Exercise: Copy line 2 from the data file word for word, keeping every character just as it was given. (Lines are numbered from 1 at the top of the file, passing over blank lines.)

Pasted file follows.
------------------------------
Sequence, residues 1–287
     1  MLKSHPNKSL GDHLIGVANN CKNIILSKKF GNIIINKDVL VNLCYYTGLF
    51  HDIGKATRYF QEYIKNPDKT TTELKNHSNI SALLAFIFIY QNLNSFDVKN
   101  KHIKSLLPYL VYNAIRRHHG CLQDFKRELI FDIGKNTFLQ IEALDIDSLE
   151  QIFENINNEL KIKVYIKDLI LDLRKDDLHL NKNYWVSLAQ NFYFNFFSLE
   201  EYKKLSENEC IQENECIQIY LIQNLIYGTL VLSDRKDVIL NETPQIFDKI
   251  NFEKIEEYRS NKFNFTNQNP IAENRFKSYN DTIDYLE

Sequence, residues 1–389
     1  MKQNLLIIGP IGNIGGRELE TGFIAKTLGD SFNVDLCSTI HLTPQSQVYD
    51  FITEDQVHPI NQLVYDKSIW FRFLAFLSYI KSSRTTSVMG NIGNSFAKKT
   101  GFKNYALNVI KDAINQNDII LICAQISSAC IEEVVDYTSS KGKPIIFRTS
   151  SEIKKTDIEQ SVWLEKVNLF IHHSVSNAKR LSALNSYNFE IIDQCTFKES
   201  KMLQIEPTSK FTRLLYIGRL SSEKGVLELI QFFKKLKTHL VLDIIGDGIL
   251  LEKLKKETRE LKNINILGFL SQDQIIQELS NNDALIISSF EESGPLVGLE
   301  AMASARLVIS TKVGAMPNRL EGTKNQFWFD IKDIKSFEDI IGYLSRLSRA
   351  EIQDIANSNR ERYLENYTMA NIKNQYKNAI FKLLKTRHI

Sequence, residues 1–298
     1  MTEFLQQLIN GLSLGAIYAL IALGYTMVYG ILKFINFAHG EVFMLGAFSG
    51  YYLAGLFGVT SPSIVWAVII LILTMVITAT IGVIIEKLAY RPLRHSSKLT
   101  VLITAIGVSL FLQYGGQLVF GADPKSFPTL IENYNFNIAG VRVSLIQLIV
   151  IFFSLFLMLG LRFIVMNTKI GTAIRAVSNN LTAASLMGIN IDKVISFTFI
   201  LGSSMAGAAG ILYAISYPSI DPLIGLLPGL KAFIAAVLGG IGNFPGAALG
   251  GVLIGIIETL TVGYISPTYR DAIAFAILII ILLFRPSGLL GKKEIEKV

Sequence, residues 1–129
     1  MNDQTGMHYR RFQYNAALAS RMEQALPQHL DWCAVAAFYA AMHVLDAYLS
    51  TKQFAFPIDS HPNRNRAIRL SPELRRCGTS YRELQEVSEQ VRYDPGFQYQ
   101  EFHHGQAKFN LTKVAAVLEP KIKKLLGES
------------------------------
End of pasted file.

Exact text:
     1  MLKSHPNKSL GDHLIGVANN CKNIILSKKF GNIIINKDVL VNLCYYTGLF